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Pieces of Molly is a psychological thriller -- it just doesnchr(226)chr(128)chr(153)t fall into the normal categories of that genre. Instead of featuring undercover spies or murder mysteries, it pursues the little mined psychological territory of childhood: the dynamics of how one progresses from the trauma of birth through a mix of irrational fears and delightful discoveries to becoming a person on the verge of adolescence.
Judith Gurney brings the particulars of her childhood alive: her involvement with chickens and exciting tractor rides along with her absorbing interaction with a peculiarly cold mother and an adoring father. At times her probing touches the rumblings of tectonic plates colliding beneath the apparently benign exterior her family presents to the world. The description is made more nuanced by the writerchr(226)chr(128)chr(153)s ability to shift seamlessly from her point of view as a child into reflections of her adult self as she cares for her aging parents.
The bookchr(226)chr(128)chr(153)s subtitle is chr(226)chr(128)chr(156)an ordinary life.chr(226)chr(128)chr(157) How is growing up on a largish farm in a rural England that no longer exists, with a family fraught with scandalous secrets, chr(226)chr(128)chr(156)ordinary?chr(226)chr(128)chr(157) It would seem quite the reverse, but as the reader accompanies Gurney in her personal exploration, the vast common ground of everyonechr(226)chr(128)chr(153)s childhood emerges. Presented with such detailed recall, the reader is plunged into memories of similar experiences. We all share the fierce fears and jealousies along with the insights of childhood -- only few of us have reflected on them in such depth and even fewer have been able to write of them with such lucidity. It is the gripping drama of childhood itself that is chr(226)chr(128)chr(156)ordinary.chr(226)chr(128)chr(157)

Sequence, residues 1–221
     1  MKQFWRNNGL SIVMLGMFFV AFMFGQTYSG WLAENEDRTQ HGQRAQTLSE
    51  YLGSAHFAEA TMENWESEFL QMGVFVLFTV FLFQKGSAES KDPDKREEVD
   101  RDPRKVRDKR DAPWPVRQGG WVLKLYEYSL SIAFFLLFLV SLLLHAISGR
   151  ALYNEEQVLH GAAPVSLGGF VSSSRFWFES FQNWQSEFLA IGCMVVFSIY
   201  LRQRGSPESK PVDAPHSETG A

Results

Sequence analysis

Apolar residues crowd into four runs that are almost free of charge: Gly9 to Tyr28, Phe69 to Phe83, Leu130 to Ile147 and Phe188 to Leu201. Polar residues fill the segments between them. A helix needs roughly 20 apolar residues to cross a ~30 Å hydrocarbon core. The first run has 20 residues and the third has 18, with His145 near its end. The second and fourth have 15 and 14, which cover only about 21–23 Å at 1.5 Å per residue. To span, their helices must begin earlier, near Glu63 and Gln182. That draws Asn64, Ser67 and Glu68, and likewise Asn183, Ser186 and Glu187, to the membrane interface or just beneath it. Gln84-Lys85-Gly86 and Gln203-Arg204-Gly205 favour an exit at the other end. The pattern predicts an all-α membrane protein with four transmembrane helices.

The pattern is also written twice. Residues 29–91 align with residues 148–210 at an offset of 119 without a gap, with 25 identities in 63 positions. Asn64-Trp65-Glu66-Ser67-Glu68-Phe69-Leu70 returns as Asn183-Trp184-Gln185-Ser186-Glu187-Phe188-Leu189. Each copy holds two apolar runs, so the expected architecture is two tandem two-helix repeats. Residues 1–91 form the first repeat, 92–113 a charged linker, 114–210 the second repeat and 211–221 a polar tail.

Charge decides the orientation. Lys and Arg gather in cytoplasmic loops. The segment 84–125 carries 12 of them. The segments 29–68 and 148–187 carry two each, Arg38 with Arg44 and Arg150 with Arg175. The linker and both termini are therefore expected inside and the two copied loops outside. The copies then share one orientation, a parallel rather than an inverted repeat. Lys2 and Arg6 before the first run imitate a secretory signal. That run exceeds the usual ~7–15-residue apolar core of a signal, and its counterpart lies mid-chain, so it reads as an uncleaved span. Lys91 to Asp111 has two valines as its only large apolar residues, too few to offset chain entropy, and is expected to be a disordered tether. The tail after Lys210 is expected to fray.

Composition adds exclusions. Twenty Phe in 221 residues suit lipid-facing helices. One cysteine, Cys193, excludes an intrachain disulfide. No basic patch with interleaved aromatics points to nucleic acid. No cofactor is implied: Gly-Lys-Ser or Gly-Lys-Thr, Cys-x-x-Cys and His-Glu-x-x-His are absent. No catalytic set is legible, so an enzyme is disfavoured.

This book makes us remember our own childhoods, with its terrors, yes, but also with its wonderment. At one point Molly speaks of playing a game with infinity. chr(226)chr(128)chr(156)Mary, Mary, quite contrary, how does your garden grow? I had a bucket with a picture of Contrary Mary on it, and she herself held a similar bucket. I stood in front of the central mirror, holding mine. Try as I would I couldnchr(226)chr(128)chr(153)t make out the picture on her bucket, but I knew it was there, Contrary Mary and the bucket receding infinitely, like Alice getting smaller and smaller and ending up in a totally different dimension. . . Was someone infinitely larger than me, I wondered, holding a bucket with me as a picture on it?chr(226)chr(128)chr(157)
Mollychr(226)chr(128)chr(153)s many questions remind us of the innate ability of a childchr(226)chr(128)chr(153)s mind to ask ultimate questions, mathematical ones, and ones about the very nature of existence. A childchr(226)chr(128)chr(153)s fresh responses to life are truly extraordinary, but their universality makes them ordinary. Donchr(226)chr(128)chr(153)t miss the joy of revisiting these insights yourself.